The Care Quality Commission (CQC) has taken action to protect people living at Pinglenook Residential Home following an inspection in October that sees them rated inadequate again.
Pinglenook Residential Home provides accommodation and personal care to older people, some who may also be living with dementia.
The inspection was carried out to check if improvements had been made since the last inspection. Inspectors looked at the areas of safe, effective, and well-led at this inspection.
Following the inspection, the overall rating for the home is inadequate, as well as the areas of safe, effective, and well-led. The service was previously rated inadequate overall, and for being safe, effective, and well-led. Responsive and caring were previously rated requires improvement.
Craig Howarth, CQC deputy director of operations in the midlands, said:
“When we inspected Pinglenook Residential Home, we were disappointed to see that little improvement had been made since we last inspected. Leaders need to focus on making immediate improvements to ensure people receive safe and appropriate care.
“It was concerning that when people with complex needs required support, the provider failed to develop care plans to guide staff how to support them. This meant people were at risk of receiving unsafe care and signs of deterioration in their health condition may be missed.
“For example, someone living at the home experienced multiple episodes of distress and anxiety but there were no plans in place to support them or to record their triggers to ensure it didn’t happen again.
“In addition, records of fluid intake for people at risk of dehydration weren’t regularly completed which could place people at risk of dehydration or worsening health conditions. We also saw contradictory information in someone’s care plan who was at risk of choking on what modified foods they could eat which put them at risk of harm.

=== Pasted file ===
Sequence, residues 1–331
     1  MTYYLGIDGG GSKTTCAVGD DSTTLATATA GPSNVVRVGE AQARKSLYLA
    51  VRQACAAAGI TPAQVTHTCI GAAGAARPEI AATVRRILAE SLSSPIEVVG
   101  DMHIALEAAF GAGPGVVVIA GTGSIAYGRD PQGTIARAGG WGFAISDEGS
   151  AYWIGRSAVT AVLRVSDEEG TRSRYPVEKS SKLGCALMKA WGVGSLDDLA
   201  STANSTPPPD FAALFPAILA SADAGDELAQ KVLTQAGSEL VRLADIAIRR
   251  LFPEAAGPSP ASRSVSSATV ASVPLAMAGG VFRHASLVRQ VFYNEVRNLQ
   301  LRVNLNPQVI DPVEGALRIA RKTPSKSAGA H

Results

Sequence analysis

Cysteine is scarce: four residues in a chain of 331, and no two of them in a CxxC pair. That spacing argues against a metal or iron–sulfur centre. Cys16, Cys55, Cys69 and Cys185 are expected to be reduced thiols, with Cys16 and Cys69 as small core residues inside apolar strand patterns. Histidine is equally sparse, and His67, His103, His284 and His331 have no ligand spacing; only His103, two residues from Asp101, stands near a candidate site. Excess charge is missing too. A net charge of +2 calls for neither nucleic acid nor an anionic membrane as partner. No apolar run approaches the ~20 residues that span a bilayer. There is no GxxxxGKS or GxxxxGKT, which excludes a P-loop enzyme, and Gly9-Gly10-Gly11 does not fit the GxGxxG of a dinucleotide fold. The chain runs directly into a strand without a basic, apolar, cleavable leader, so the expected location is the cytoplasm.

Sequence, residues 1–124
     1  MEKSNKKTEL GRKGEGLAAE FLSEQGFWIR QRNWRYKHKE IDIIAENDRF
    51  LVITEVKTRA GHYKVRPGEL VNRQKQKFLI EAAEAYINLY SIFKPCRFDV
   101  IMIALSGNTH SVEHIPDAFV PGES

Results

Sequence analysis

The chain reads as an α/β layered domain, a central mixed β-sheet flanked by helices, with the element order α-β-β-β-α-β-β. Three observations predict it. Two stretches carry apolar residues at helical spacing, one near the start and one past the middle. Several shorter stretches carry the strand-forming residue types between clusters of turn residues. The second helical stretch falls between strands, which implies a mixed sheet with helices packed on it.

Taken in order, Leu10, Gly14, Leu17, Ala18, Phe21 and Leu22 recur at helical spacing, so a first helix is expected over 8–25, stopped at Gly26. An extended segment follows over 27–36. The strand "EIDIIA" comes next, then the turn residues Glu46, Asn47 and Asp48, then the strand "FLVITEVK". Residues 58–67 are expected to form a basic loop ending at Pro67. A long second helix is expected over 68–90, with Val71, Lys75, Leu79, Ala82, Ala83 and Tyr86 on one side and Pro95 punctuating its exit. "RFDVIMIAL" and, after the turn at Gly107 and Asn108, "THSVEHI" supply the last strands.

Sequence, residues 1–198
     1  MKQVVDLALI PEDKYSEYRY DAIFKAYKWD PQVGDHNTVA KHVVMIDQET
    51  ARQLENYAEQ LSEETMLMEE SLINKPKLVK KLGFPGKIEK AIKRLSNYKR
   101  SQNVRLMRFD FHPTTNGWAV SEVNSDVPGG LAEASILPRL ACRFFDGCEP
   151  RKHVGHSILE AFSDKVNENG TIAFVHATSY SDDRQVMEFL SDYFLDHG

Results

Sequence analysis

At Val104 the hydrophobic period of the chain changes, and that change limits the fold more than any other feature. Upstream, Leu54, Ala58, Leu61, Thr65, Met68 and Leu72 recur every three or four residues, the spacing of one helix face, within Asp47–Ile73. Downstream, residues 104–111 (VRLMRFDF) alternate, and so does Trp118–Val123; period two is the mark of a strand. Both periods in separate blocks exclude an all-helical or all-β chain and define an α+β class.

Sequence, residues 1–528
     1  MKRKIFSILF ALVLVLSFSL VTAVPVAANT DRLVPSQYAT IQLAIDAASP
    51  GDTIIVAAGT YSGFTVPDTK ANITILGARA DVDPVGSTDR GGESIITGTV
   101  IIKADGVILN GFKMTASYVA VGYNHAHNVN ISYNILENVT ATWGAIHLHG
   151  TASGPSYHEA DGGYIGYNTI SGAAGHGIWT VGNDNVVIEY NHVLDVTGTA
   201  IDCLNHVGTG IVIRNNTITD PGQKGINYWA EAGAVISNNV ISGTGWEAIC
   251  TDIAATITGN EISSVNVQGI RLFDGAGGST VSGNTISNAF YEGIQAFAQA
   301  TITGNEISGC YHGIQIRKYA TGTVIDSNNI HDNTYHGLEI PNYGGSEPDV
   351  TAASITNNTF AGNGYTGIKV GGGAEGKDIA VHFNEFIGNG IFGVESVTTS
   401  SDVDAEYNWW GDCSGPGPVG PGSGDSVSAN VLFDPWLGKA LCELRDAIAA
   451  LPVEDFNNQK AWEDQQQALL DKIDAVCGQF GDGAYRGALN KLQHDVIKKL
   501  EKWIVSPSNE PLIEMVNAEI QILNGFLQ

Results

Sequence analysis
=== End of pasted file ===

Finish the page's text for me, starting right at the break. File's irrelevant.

“However, some improvements had been made to environmental risks. The provider had completed a fire risk assessment at the service, and water temperatures were now within a safe range and were regularly monitored.
“We will continue to monitor the service closely to ensure the necessary improvements are made and people are kept safe during this time. If improvements are not made by the time we next inspect, we will not hesitate to take further enforcement action.”
- Systems and processes to ensure good oversight of the service were ineffective
- People's care wasn’t always personalised
- The provider didn’t ensure recruitment checks were carried out properly
- Infection prevention and control measures weren’t robust, and people were placed at risk of Legionella
- People were placed at risk of harm because of unsafe moving and handling practice
- Medicines weren’t managed safely which exposed people to the risk of harm
- The home environment didn’t reflect dementia friendly best practice to best meet people's needs.
- Staff were positive about the training and support they received
- The provider understood their responsibilities in relation to the duty of candour and communication with people when things went wrong.
The report will be published on CQC’s website in the next few days.